Table 1.
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Table 1. Baseline clinical features of the patients

Atherosclerotic plaques and IMT in two groups

The grade of atherosclerotic plaques and femoral plaques were higher in patients group than in controls (p < 0.001, p < 0.05, respectively), and a higher mean IMT at both the carotid and femoral sites compared with controls (p < 0.01). There was significant difference between patients and controls in both left and right carotid plaques (p < 0.001, p < 0.01, respectively). Table 2.

Table 2.
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Table 2. The atherosclerosis of cerebral ischemic patients

Comparison of the grade of plaques between the two groups

Compared with that in the control group, the grade of plaques of carotid artery in the ischemic patients was higher (p < 0.01). The mean Ridit value of the ischemic patients was 0.577, 95% confidence interval (CI) was 0.6646-0.4894. The mean value of Ridit in the controls was 0.394, 95% CI is 0.4969-0.2911. There was significant difference between the two groups. (Table 3, Figure 1)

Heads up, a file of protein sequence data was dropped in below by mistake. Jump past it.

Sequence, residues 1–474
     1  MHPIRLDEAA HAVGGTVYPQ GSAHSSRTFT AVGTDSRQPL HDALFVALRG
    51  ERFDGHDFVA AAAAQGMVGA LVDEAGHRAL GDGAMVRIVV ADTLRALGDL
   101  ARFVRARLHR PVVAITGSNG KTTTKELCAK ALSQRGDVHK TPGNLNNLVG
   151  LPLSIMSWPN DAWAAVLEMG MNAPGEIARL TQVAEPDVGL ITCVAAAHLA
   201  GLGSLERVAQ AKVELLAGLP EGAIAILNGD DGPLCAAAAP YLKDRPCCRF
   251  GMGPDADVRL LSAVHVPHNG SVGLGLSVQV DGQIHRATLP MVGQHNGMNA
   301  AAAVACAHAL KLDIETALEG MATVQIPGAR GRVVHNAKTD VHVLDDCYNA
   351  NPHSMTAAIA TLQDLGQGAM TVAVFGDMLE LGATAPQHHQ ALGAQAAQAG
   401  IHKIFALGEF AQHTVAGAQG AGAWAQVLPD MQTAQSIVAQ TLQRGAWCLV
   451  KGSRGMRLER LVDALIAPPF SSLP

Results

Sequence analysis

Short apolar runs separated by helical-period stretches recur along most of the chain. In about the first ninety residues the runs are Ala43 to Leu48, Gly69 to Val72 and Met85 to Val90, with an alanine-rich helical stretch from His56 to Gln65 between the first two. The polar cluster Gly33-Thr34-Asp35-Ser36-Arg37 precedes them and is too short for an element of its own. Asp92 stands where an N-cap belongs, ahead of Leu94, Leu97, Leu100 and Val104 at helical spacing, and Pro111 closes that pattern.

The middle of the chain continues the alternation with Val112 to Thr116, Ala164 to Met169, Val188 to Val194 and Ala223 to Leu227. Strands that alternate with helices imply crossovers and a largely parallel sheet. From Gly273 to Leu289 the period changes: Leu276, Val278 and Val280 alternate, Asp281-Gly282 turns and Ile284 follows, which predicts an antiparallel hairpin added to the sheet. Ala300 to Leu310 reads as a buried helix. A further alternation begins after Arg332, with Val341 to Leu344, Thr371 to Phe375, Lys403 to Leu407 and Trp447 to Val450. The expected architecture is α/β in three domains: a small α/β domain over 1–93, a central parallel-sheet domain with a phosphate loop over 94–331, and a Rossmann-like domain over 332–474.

Table 3.
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Table 3. The grade of the plaques in the patients and controls

Figure 1.
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Figure 1. Mean Ridit values in study and control groups, p < 0.01.

Stable and unstable plaques in two groups